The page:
Nohup command in Linux with Examples

The nohup command in Linux is used to tell a process to ignore any SIGHUP (hangup) signals that it receives. The SIGHUP signal is sent to a background job whenever the current terminal is closed. Thus, we can have a job in the background, close the terminal, and still see it running in the background.

In this tutorial, you will learn how to use the nohup command in Linux through examples. Follow along below to learn about the various options that you can use with this command.

In this tutorial you will learn:

  • How to use the nohup command on Linux
nohup command in Linux with examples
nohup command in Linux with examples
Software Requirements and Linux Command Line Conventions
Category Requirements, Conventions or Software Version Used
System Any Linux distro
Software nohup
Other Privileged access to your Linux system as root or via the sudo command.
Conventions # – requires given linux commands to be executed with root privileges either directly as a root user or by use of sudo command
$ – requires given linux commands to be executed as a regular non-privileged user

Frequently Used Options

Every process which starts from a terminal is tied to the shell as a child process from which it was executed. In the situation where a parent program gets terminated, the child process will be terminated also.

This is not particularity desired behavior when a user needs to run a process remotely and let the process run after logout. For this reason, the nohup command exists. The nohup command in Linux ensures that the process is not tied to any particular shell, so the user can kill a shell process by logging out and the process executed with nohup will be kept alive.

Check out the examples below to master the nohup Linux command in short time.

nohup command in Linux Examples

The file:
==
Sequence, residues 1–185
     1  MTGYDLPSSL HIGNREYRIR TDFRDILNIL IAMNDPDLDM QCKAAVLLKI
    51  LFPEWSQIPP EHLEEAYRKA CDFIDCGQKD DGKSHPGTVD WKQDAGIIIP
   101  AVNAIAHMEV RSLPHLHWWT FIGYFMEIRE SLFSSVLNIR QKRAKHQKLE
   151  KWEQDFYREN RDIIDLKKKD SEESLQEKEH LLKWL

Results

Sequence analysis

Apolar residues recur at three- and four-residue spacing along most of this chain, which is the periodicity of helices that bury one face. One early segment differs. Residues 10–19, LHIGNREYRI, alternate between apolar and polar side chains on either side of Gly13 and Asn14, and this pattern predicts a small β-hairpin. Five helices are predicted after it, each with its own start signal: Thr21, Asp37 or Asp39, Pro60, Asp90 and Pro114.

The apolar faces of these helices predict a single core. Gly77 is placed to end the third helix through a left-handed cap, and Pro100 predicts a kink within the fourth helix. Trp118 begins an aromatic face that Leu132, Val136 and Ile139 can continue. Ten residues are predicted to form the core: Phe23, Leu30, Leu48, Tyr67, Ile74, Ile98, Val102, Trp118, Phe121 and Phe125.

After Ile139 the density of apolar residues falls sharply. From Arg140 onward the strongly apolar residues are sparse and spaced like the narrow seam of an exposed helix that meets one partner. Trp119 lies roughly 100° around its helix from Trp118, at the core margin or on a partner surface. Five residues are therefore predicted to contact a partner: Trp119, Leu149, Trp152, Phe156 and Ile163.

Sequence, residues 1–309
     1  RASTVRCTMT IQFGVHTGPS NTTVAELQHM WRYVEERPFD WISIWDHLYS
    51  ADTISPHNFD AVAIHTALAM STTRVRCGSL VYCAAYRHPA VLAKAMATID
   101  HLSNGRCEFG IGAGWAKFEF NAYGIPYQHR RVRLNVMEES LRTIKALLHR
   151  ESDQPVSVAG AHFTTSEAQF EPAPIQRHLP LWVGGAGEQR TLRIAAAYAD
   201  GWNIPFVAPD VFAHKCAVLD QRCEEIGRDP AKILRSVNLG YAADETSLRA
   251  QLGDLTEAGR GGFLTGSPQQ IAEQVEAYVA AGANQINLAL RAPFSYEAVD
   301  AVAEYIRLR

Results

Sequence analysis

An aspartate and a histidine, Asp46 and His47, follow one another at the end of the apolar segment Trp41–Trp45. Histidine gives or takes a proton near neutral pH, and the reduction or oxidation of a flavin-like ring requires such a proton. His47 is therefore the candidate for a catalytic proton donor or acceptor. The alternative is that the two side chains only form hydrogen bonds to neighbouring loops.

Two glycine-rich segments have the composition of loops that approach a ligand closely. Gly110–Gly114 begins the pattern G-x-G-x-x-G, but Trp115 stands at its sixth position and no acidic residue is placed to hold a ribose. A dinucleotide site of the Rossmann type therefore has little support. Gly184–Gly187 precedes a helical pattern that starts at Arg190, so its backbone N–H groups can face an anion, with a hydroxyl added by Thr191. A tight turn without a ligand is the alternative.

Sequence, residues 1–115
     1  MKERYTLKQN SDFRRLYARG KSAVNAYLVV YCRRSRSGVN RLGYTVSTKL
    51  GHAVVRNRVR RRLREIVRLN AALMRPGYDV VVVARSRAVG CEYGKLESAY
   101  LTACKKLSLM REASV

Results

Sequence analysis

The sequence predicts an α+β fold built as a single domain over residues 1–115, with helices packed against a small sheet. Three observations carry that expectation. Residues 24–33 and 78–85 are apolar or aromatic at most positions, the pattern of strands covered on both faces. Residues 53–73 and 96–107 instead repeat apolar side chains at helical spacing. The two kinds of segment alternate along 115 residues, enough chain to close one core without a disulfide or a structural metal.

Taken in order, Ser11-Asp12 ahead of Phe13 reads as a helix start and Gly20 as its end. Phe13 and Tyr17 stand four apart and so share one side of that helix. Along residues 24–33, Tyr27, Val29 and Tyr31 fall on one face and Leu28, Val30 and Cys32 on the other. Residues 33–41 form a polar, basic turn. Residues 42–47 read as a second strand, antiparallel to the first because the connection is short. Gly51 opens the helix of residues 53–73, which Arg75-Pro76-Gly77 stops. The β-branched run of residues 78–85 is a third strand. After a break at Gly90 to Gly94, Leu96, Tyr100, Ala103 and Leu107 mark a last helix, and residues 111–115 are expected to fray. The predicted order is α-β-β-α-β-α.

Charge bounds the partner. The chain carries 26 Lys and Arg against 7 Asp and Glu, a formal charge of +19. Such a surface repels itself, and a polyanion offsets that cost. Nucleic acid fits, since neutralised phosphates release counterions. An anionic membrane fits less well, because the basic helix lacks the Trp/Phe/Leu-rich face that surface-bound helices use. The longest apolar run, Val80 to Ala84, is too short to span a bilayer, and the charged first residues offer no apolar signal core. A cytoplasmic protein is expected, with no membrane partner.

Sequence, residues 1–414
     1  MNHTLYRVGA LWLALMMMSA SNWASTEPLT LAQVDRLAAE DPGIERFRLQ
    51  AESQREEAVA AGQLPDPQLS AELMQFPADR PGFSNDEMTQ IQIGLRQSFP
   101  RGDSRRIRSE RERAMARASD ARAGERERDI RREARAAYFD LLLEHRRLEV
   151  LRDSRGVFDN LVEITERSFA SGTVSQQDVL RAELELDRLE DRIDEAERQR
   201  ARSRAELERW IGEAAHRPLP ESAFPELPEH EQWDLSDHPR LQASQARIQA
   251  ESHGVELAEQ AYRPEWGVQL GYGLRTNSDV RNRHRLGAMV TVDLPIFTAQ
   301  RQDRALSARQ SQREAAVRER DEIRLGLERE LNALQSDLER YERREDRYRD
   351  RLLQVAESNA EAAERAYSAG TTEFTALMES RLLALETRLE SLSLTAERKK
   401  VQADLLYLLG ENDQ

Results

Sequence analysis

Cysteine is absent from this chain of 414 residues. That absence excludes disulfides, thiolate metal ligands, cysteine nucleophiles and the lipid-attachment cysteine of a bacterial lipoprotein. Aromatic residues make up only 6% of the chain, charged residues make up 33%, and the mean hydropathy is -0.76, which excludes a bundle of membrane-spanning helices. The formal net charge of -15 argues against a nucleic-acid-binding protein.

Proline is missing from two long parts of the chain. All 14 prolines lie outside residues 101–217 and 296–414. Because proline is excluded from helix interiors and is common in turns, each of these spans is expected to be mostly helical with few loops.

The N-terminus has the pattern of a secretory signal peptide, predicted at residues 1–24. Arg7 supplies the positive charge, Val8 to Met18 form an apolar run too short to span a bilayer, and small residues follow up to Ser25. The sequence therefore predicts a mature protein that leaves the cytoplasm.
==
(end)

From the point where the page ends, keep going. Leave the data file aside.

1. To use the nohup command, simply run a command as you normally would, but put the nohup command in front of it. Here is an example where we put the sleep command into the background.
    $ nohup sleep 10000 &
    [1] 1908
    nohup: ignoring input and appending output to 'nohup.out'

    We have closed the terminal and reopened it, then we ran the following command, which shows that the sleep command is still running, thanks to nohup.

    $ ps aux | grep sleep
    linuxco+    1908  0.0  0.0   8084   524 ?        S    13:05   0:00 sleep 10000

    Keep in mind that you can bring the background job to the foreground with the fg command.

    $ fg
  2. By default, output is redirected to the nohup.out text file. If you would like to redirect output to a different file, just specify the name of the file in your command.
    $ nohup > output.txt
  3. To run multiple commands with nohup, use the bash command then the various commands that you want to run.
    $ nohup bash -c 'who && uptime'
You can always use the man command to read more about the nohup command and its official documentation. Click the previous link to see how to open the manual pages for any command on a Linux system.

Closing Thoughts

In this tutorial, we learned all about the nohup command on Linux. The nohup command is a very simple command that is used in order to keep a command running even when the terminal or Bash shell is closed by ignoring the hangup signal sent to the command. Ordinarily, this is also coupled with an ampersand & in order to continue running some command or script in the background.